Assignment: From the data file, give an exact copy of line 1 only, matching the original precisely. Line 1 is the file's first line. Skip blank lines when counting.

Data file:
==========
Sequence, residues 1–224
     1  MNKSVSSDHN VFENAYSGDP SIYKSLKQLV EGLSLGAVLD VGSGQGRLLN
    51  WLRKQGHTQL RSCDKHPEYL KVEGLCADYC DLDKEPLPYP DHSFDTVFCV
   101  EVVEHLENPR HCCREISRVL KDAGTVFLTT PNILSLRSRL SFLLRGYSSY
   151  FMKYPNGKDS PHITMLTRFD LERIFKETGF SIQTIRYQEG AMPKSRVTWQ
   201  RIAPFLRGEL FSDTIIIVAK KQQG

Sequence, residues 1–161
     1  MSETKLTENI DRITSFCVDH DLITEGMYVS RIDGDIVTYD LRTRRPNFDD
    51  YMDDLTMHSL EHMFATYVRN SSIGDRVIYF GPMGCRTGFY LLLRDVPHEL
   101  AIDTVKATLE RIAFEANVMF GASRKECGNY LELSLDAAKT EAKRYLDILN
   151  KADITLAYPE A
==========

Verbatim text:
Sequence, residues 1–224